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What Does It Mean For A CEO To Show He Is Committed To Food Safety?

Jim Prevor’s Perishable Pundit, October 28, 2013

One of the workshops at the PMA Convention in New Orleans was Buyers and Sellers — Moving to a Food Safety Culture? The session was moderated by Dr. Jim Gorny, Vice President of Science & Technology for the Produce Marketing Association and featured a substantial presentation by Dr. Bob Whitaker, Chief Science & Technology Officer, Produce Marketing Association. There was also a high profile respondent panel that included Tim York, President of Markon Group, Dave Corsi, Vice President Produce, Wegmans Food Markets, Martin Ley, President of Fresh Evolution LLC, and Elliot Olson, an attorney active in food safety litigation at Olsen & Pritzger.


We have written a lot about food safety, and we highlighted the buyer-led food safety initiative, which Tim and Dave spearheaded. The Salmonella St. Paul Outbreak was really where Martin Ley became prominent in food safety, and we have often discussed the legal issues around food safety. All in all, it was a very good session and these are mostly food safety all stars.

Yet it is also the case that it has become a truism that one needs a food safety culture to be optimal in food safety and, in the end, we felt the industry needs to push the conversation to the next level, specifically to compensation issues.

In his presentation, Bob Whitaker emphasized the point that food safety usually has to be top-down. If the CEO doesn’t buy in, it’s hard to make it happen.

This is certainly true, and in the extreme, if the CEO runs around the plant screaming, “(Expletive deleted) food safety! You are all getting fired if we don’t meet volume targets this month!” the likelihood of a strong and effective food safety program is significantly reduced.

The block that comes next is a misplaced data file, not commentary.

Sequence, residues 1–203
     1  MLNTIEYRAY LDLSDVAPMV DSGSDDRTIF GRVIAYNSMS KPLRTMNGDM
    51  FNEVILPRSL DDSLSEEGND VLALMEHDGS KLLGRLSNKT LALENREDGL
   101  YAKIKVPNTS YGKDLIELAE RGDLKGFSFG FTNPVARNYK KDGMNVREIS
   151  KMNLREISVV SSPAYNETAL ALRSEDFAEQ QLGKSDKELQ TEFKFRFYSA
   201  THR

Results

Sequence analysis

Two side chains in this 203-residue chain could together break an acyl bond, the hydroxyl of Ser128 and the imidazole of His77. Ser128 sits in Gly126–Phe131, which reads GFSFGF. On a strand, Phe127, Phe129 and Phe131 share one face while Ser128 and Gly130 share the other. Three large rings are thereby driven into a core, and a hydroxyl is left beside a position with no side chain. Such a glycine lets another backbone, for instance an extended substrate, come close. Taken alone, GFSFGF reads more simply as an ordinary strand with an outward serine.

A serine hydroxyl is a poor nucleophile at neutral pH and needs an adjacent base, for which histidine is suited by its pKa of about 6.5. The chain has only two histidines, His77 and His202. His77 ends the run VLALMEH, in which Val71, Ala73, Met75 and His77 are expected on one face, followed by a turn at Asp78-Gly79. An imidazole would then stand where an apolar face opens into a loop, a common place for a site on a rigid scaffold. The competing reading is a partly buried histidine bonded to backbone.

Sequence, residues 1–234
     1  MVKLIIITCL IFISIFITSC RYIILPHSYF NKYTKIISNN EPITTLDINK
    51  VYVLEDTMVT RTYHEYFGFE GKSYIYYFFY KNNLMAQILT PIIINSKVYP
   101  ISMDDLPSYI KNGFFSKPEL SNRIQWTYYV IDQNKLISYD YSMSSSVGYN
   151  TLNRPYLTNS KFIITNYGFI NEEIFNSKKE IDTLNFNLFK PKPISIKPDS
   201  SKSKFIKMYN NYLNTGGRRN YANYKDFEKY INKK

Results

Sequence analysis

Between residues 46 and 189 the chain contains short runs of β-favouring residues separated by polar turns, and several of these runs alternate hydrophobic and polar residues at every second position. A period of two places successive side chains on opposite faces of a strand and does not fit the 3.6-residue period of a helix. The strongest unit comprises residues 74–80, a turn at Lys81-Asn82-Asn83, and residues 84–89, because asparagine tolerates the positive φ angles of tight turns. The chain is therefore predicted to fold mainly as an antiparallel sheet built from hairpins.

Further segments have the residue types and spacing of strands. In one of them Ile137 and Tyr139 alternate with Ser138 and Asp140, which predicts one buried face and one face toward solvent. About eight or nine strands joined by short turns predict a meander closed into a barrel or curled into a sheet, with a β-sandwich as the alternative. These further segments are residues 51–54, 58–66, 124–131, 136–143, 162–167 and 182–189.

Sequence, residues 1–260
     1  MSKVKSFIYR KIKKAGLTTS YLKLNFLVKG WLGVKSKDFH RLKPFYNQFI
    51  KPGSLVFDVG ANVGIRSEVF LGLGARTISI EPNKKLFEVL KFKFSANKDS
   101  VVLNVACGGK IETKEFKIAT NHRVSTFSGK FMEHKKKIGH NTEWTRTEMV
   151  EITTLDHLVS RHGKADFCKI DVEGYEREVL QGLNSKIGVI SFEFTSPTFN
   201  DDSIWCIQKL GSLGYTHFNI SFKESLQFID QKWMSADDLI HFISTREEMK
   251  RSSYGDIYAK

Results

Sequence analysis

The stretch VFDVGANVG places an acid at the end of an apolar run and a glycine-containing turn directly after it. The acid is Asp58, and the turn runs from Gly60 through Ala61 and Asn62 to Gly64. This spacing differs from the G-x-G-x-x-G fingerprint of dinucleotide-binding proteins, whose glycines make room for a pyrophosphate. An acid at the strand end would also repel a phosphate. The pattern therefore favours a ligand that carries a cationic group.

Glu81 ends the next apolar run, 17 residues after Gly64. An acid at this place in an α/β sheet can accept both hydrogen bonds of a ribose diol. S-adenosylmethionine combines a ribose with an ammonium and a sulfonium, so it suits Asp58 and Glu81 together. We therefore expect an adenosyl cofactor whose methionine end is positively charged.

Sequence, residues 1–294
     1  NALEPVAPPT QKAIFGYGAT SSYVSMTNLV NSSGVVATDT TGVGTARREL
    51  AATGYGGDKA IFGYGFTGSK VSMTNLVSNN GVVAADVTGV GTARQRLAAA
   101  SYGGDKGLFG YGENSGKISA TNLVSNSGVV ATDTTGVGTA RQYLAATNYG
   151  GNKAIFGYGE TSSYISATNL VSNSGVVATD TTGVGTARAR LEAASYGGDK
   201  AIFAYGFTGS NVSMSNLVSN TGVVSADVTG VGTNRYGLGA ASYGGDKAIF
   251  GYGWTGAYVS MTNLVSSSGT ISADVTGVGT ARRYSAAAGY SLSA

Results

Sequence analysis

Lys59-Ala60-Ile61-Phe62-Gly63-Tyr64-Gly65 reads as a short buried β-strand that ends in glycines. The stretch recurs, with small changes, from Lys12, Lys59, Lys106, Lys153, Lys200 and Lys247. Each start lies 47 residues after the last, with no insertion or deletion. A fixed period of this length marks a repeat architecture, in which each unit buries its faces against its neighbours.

In 2013, most CEOs are a little too savvy to run around that way. So what exactly does it mean for a CEO to show he is committed to food safety?

Obviously, speaking consistently in favor of food safety as a top priority is key. Also consistently allowing funding and staffing for food safety projects is important, and backing up the food safety executives when they say we can’t buy from someone or ship something is important as well.

The Number One way, however, that any CEO communicates to the staff is through compensation. If the speech is that the top priority is food safety but the compensation is based on hitting a production or sales target, then what the CEO is communicating sotto voce is that ”although I have to say food safety is our top priority for public relations and liability reasons, my actual top priority is meeting sales targets.”

As we mentioned here, it was Karen Caplan, President at Frieda’s, who was willing to be the one who noted that the emperor had no clothes when, at an industry meeting in which key retailers opined on their deep commitment to food safety, she asked the same retailers how they had changed their Key Performance Indicators (KPIs) in light of this deep commitment. The answer was that nobody had.

It is not easy to do this. Paying people based on producing profits is easy because it is self-funding; paying based on achieving food safety criteria may actually cost money.

We theorized that the whole situation with Sysco and San Francisco — which we wrote about in a piece titled, The Rogue Operation At Sysco Of San Francisco Raises The Question: How Can The Industry Use Compensation To Incent For Food Safety? — can best be understood as a consequence of compensation policies. That lots of people made the decision not to speak up, even in a company deeply committed to food safety, meant that they did not believe their personal financial interests would be enhanced by doing so.

Some people have begun the process. After the Spinach Crisis, we began a series of interviews with foodservice operators since they had a reputation as being more advanced on food safety than retailers. In one piece titled, Pundit’s Pulse Of The Industry: Cheesecake Factory’s Kix McGinnis Nystron Everclean Services’ Jack McShane, we identified that Cheesecake Factory had begun basing a portion of its store manager’s bonuses on audit scores and, low and behold, stores quickly started doing much better on audits.

There are many paths to be sure, but the industry is mature enough now to move to the next step. Yes, implement a food safety culture. And to do that you need to change KPIs and compensation policies to incent people to make the choices top management really wants them to make. If the search for food safety is sincere, that needs to be reflected in compensation.

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